In the 1990’s, Richard Williams, the Canadian animator responsible for the brilliant animation in Who Framed Roger Rabbit, began teaching an Animation Masterclass in various locations around the world. It was attended by members of major studios like Disney, Pixar, ILM, Dreamworks/PDI and Warner Brothers; who knew a Good Thing when they saw it.
Williams’ Masterclasses became somewhat legendary, with participants often claiming that the course changed their lives, or at least the way in which they saw, understood and created animation. The courses, and Williams’ approach, are founded on an understanding and keen observation of motion, particularly human motion.
His influential lectures were later codified in a book called The Animator’s Survival Kit, considered a must-have standard by knowledgeable animators and animation students.
Williams also created a series of videos for which he gave his Masterclass lectures in front of the camera; and additionally created over 400 special animations illustrating various points and techniques.
A newly revised version of the series has been released as a 16-DVD boxed set, The Animator’s Survival Kit – Animated.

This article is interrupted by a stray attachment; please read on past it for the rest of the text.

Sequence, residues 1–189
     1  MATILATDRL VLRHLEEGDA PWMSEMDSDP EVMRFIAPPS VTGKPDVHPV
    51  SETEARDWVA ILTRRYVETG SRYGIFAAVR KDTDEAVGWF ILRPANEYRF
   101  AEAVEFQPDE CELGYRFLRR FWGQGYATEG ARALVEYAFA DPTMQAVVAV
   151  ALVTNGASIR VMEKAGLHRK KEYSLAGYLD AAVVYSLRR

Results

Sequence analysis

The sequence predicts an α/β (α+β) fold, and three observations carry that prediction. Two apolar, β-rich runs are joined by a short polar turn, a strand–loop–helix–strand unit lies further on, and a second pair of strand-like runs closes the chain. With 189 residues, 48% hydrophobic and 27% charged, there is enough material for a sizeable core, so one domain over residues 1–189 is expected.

At over $1,000.00 USD, the set is not inexpensive; but neither would be a classroom course of this quality and depth, if you could find one.
Even the short clips on the web site, meant give you a taste of the video set’s major sections, are instructive and fascinating in themselves (4 bottom images above); though many aspiring animators may not like the first one (grin).
Just look at his brilliant description of how to make a character correctly mouth the word “Hello” (#13 Dialog 1, top left of this page). All of the others are worth watching as well.
This review from Daniel Briney may give you some additional perspective on the course.
[Via Articles & Texticles, which has a 10 minute audio interview with Williams on the post]